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Whoever succeeds Mrs May when she goes will be what is now called “an unelected Prime Minister”. That’s to say, he or she will not be in Number 10 as a result of victory in a General Election. In the not very distant past this would have surprised nobody, been resented by few, and not held to make the new PM’s position somehow improper. Indeed only three Tory leaders since the 1914-18 war became Prime Minister for the first time with a popular mandate: Ted Heath in 1970, Margaret Thatcher in 1979, and David Cameron in 2010 – though that year’s election didn’t give him a majority in the Commons and he was only able to become PM in a coalition with the Liberal Democrats.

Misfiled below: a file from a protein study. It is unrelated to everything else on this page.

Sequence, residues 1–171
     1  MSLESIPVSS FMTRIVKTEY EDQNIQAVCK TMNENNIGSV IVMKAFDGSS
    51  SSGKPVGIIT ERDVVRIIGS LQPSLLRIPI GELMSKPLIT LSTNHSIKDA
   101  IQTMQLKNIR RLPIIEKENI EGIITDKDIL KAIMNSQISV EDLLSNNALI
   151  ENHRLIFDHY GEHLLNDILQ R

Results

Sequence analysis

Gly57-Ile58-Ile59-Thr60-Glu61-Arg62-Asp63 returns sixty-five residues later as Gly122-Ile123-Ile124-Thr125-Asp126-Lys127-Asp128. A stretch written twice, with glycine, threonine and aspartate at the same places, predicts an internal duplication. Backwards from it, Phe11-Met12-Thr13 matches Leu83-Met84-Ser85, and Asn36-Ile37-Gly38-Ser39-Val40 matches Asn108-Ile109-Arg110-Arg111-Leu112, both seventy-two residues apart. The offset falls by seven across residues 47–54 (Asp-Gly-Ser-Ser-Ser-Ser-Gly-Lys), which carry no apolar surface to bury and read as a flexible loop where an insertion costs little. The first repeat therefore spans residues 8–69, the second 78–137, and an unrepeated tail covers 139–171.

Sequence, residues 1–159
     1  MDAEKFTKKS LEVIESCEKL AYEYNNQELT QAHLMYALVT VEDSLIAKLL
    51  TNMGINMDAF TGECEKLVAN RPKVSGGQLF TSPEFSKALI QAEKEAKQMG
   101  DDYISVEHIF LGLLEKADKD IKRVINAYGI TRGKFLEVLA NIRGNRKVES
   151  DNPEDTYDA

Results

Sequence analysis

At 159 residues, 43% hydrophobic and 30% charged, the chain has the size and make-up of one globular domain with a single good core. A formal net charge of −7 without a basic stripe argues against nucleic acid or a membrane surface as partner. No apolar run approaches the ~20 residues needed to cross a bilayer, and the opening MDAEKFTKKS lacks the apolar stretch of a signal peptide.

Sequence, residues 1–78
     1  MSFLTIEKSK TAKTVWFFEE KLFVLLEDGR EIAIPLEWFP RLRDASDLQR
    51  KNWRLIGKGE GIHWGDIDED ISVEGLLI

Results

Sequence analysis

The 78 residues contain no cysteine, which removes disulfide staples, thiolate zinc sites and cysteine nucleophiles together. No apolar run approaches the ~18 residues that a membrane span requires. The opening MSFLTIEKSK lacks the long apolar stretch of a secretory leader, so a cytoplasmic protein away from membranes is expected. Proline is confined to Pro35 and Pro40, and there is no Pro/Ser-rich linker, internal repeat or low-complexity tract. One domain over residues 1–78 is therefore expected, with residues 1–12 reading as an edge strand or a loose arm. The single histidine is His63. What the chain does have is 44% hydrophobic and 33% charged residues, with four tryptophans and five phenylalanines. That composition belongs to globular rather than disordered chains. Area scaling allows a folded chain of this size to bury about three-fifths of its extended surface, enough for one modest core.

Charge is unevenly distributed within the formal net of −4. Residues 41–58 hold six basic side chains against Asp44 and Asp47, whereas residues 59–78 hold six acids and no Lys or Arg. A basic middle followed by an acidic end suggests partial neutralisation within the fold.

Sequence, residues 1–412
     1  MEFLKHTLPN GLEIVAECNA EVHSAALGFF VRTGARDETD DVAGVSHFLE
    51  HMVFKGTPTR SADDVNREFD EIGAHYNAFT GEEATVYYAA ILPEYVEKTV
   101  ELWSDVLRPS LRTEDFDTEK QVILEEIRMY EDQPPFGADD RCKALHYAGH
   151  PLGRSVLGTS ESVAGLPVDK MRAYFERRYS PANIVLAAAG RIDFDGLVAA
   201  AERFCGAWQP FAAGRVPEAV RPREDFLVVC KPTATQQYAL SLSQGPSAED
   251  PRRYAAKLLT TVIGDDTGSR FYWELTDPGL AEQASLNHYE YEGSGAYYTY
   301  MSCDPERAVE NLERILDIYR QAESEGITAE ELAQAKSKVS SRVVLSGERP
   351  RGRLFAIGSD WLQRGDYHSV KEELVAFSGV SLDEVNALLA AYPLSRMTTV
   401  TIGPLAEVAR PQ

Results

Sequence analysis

The other twentieth century Tory Prime Ministers – Bonar Law, Baldwin, Chamberlain, Churchill, Eden, Macmillan, Douglas-Home and Major – first became Prime Minister in the course of a parliament, and nobody thought this odd or improper. Major, alone of these, was elected party leader, in his case by an electorate restricted to Tory Members of Parliament. Ted Heath had been the first Tory leader elected in this way and Margaret Thatcher would be the second when she challenged Heath. All the others emerged after what came to be called “the customary process of consultation”. Actually the process changed from time to time, and might not have been correctly termed “customary”.